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40

It's to simplify the interface. The alternative to fork and exec would be something like Windows' CreateProcess function. Notice how many parameters CreateProcess has, and many of them are structs with even more parameters. This is because everything you might want to control about the new process has to be passed to CreateProcess. In fact, CreateProcess ...


30

The short answer is, fork is in Unix because it was easy to fit into the existing system at the time, and because a predecessor system at Berkeley had used the concept of forks. From The Evolution of the Unix Time-sharing System (relevant text has been highlighted): Process control in its modern form was designed and implemented within a couple of days. ...


18

The traditional way of daemonizing is: fork() setsid() close(0) /* and /dev/null as fd 0, 1 and 2 */ close(1) close(2) fork() This ensures that the process is no longer in the same process group as the terminal and thus won't be killed together with it. The IO redirection is to make output not appear on the terminal.


18

The new process will be created within the fork() call, and will start by returning from it just like the parent. The return value (which you stored in retval) from fork() will be: 0 in the child process The PID of the child in the parent process -1 in the parent if there was a failure (there is no child, naturally) Your testing code works correctly; it ...


17

The answer is more or less that ls is an external executable. You can see its location by running type -p ls. Why isn't ls built into the shell, then? Well, why should it be? The job of a shell is not to encompass every available command, but to provide an environment capable of running them. Some modern shells have echo, printf, and their ilk as builtins, ...


17

[I'll repeat part of my answer from here.] Why not just have a command that creates a new process from scratch? Isn't it absurd and inefficient to copy one that is only going to be replaced right away? In fact, that would probably not be as efficient for a few reasons: The "copy" produced by fork() is a bit of an abstraction, since the kernel uses a ...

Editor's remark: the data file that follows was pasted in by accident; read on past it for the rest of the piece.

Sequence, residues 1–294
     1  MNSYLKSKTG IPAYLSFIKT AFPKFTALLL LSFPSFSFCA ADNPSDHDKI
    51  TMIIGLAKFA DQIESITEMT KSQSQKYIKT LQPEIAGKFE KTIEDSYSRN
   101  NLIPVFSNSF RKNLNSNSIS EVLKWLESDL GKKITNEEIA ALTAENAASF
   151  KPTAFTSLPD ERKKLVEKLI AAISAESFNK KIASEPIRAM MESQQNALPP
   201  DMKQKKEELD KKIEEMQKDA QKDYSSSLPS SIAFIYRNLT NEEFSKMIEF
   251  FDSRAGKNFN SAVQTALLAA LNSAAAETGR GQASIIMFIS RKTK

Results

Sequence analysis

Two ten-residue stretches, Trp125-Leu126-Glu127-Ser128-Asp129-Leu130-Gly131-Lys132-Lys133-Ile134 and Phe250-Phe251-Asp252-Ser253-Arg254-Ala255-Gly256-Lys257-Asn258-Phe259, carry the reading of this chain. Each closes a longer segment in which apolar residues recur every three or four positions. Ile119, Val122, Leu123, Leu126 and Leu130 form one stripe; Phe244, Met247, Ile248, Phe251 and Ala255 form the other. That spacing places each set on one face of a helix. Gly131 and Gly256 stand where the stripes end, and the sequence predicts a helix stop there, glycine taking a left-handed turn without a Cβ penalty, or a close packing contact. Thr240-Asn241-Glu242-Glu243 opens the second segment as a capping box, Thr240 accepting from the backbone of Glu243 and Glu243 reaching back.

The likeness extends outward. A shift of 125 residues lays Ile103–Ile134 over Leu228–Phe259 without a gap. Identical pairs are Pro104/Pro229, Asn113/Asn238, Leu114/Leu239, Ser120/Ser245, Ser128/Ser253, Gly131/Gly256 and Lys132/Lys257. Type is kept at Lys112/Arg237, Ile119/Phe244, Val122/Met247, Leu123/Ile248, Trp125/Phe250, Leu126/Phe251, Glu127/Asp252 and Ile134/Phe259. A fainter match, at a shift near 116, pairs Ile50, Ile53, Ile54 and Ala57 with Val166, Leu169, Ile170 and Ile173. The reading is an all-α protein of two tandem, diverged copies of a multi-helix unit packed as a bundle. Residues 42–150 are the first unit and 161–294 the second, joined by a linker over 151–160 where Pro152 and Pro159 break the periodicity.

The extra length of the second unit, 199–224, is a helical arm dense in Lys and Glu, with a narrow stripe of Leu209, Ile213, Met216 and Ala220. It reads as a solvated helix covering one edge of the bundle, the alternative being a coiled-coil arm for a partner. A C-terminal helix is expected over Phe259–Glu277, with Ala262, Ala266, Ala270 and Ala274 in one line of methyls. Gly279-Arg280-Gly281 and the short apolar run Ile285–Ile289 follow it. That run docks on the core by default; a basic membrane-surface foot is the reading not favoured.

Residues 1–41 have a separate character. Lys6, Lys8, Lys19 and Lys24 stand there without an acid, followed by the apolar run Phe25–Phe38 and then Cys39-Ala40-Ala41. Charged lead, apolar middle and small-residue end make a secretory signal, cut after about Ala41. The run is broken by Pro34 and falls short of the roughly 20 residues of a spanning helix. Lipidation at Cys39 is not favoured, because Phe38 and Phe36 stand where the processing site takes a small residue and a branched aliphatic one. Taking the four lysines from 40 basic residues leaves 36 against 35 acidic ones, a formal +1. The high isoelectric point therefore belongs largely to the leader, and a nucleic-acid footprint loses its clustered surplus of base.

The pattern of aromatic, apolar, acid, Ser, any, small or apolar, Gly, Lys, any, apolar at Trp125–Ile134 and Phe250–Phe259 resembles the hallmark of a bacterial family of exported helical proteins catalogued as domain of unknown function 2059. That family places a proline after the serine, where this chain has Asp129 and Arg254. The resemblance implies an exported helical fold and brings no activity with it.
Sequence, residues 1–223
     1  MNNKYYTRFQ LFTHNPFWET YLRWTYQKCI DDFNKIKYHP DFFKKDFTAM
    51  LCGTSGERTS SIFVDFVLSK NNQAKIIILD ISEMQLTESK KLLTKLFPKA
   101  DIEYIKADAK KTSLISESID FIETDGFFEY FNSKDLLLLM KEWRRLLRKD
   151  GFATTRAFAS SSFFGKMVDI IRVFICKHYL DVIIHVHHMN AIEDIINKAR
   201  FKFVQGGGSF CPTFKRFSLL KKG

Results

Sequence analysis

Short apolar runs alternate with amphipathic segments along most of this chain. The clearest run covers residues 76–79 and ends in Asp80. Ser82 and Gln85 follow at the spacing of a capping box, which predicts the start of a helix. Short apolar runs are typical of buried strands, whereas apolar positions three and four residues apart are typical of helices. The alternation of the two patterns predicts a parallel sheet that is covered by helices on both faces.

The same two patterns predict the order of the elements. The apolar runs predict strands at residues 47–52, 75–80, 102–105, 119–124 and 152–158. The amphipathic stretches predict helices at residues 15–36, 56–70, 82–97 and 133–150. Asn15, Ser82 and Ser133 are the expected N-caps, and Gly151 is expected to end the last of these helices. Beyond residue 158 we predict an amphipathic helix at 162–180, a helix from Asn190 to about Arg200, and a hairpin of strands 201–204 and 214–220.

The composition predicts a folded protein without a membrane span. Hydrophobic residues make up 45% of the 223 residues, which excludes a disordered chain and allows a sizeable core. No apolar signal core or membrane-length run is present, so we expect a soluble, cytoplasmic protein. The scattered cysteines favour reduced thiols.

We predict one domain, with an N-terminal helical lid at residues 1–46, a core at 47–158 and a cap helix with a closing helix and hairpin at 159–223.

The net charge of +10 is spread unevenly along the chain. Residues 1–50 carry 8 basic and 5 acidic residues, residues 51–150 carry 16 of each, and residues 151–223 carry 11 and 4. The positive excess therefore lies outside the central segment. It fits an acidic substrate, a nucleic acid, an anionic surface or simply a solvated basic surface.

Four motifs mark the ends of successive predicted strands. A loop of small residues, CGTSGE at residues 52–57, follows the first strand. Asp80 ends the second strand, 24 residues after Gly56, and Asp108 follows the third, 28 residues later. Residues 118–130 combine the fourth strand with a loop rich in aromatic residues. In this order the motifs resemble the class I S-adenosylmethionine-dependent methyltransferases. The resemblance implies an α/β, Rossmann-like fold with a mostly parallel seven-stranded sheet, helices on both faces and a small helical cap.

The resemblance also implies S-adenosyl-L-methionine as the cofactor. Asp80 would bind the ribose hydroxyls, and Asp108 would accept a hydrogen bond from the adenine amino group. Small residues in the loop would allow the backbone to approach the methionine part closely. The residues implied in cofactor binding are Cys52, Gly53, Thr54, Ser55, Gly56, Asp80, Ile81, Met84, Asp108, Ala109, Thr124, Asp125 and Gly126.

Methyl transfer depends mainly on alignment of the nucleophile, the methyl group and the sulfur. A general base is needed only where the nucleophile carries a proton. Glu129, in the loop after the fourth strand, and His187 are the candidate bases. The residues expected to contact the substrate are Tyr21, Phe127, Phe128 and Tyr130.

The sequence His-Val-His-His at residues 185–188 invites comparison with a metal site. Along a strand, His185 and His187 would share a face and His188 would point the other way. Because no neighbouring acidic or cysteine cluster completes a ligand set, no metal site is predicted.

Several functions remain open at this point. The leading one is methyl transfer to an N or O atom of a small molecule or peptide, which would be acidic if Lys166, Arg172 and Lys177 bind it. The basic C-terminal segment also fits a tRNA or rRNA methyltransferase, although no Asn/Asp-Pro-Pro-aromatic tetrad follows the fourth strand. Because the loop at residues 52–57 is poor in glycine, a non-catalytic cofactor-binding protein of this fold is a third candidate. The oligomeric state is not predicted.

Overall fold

16

It's not that difficult to decipher in fact. This piece of code just defines a function named : which calls two instances of itself in a pipeline: :|:&. After the definition an instance of this function is started. This leads to a fast increasing number of subshell processes. Unprotected systems (systems without a process number limit per user) will be ...


14

For a daemon, what you want is a process that has no tie to anything. At the very least, you want it to be in its own session, not be attached to a terminal, not have any file descriptor inherited from the parent open to anything, not have a parent caring for you (other than init) have the current directory in / so as not to prevent a umount... To detach ...


13

First of all, every time you execute a command, you shell will fork a new process, regardless of whether you run it with & or not. & only means you're running it in the background. Note this is not very accurate. Some commands, like cd are shell functions and will usually not fork a new process. type cmd will usually tell you whether cmd is an ...


13

Man pages are usually terse reference documents. Wikipedia is a better place to turn to for conceptual explanations. Fork duplicates a process: it creates a child process which is almost identical to the parent process (the most obvious difference is that the new process has a different process ID). In particular, fork (conceptually) must copy all the ...